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Did ever, in so true a flame of liking
Madam, I had.
Wherefore? tell true.
For general sovereignty; and that he will'd me
To cure the desperate languishes, whereof
For Paris, was it? speak.
This was your motive
Hel. My lord your son made me to think of this; Else Paris, and the medicine, and the king,
Had, from the conversation of my thoughts,
Haply been absent then.
But think you, Helen,
If you should tender your supposed aid,
He would receive it? He and his physicians
Are of a mind; he, that they cannot help him,
Embowell'd of their doctrine, have left off
There's something hints,
f and love;] i. e. The goddess of amorous rites.-MALONE.
g- notes, whose faculties inclusive-] Receipts, in which greater virtues
were enclosed than appeared to observation.-JOHNSON,
Embowell'd of their doctrine,] i. e. Exhausted of their skill.-STEEVENS.
More than my father's skill, which was the greatest
Shall, for my legacy, be sanctified
By the luckiest stars in heaven: and, would your honour But give me leave to try success, I'd venture
The well-lost life of mine on his grace's cure,
By such a day, and hour.
Dost thou believ't?
Hel. Ay, madam, knowingly.
Count. Why, Helen, thou shalt have my leave, and love, Means, and attendants, and my loving greetings
To those of mine in court; I'll stay at home,
And pray God's blessing into thy attempt: gone to-morrow; and be sure of this, What I can help thee to, thou shalt not miss.
SCENE I.—Paris. A Room in the King's Palace.
Flourish Enter King, with young Lords, taking leave for the Florentine war; BERTRAM, PAROLLES, and Attendants.
King. Farewell, young lords, these warlike principles Do not throw from you:—and you, my lords, farewell :Share the advice betwixt you; if both gain all, The gift doth stretch itself as 'tis receiv'd, And is enough for both..
It is our hope, sir,
After well enter'd' soldiers, to return
And find your grace in health.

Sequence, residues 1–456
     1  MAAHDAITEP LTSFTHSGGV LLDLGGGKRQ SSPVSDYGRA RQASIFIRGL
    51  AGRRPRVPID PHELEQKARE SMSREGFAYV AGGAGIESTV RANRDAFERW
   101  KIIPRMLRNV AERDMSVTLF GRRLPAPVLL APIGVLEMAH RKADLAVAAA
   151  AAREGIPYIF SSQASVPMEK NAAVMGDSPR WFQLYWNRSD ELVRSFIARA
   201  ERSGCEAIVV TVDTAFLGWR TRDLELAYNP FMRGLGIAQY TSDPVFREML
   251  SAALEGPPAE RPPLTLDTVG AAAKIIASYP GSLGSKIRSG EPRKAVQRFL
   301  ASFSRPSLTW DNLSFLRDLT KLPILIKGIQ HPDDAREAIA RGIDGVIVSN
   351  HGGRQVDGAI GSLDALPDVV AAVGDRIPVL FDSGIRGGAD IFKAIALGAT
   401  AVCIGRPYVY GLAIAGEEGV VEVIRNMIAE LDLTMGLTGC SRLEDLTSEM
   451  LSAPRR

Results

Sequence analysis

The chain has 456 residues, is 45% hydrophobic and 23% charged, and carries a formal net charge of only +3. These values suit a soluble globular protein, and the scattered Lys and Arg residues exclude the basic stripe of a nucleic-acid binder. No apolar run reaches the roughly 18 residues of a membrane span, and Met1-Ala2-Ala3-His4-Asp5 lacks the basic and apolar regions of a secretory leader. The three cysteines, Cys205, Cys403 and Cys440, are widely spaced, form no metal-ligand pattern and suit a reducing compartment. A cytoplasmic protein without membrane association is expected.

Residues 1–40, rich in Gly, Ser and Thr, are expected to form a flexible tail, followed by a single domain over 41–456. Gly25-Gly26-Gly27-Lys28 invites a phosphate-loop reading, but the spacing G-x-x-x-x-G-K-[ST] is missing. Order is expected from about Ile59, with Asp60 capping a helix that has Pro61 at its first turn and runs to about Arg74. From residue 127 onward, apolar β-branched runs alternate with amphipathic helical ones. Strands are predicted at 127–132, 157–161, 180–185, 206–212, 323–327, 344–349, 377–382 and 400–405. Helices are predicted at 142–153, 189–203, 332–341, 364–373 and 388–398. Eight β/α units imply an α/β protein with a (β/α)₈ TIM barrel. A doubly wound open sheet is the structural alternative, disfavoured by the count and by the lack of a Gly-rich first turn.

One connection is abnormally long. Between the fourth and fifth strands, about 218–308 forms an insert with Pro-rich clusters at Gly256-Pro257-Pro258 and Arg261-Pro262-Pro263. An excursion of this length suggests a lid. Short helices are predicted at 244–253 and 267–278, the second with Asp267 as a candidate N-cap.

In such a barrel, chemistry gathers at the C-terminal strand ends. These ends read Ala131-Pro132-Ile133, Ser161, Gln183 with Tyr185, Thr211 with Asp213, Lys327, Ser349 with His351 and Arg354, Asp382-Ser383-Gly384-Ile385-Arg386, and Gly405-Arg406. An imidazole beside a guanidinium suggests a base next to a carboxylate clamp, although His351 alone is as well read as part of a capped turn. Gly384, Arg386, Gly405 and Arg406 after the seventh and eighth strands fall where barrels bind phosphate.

King. No, no, it cannot be; and yet my heart
Will not confess he owes the malady
That doth my life besiege.
Farewell, young lords;
Whether I live or die, be you the sons
Of worthy Frenchmen: let higher Italy
(Those 'bated, that inherit but the fall
2 Lord. Health, at your bidding, serve your majesty!
Our hearts receive your warnings.
King. Farewell.-Come hither to me.
[The King retires to a couch.
1 Lord. O my sweet lord, that you will stay behind us! Par. 'Tis not his fault; the spark—
O, 'tis brave wars!
Ber. I am commanded here, and kept a coil with;
Too young, and the next year, and 'tis too early.
Par. An thy mind stand to it, boy, steal away bravely.
Creaking my shoes on the plain masonry,
Till honour be bought up, and no sword worn,
Commit it, count.
let higher Italy
(Those 'bated, that inherit but the fall
Of the last monarchy,) see, &c.] The ancient geographers have divided Italy into the higher and the lower, the Apennine hills being a kind of natural line of partition; the side next the Adriatic was denominated the higher Italy, and the other side the lower; and the two seas followed the same terms of distinction, the Adriatic being called the upper Sea, and the Tyrrhene, or Tuscan, the lower. Now the Sennones, or Senois, with whom the Florentines are here supposed to be at war, inhabited the higher Italy, their chief town being Arminium, now called Rimini, upon the Adriatic.-HANMer.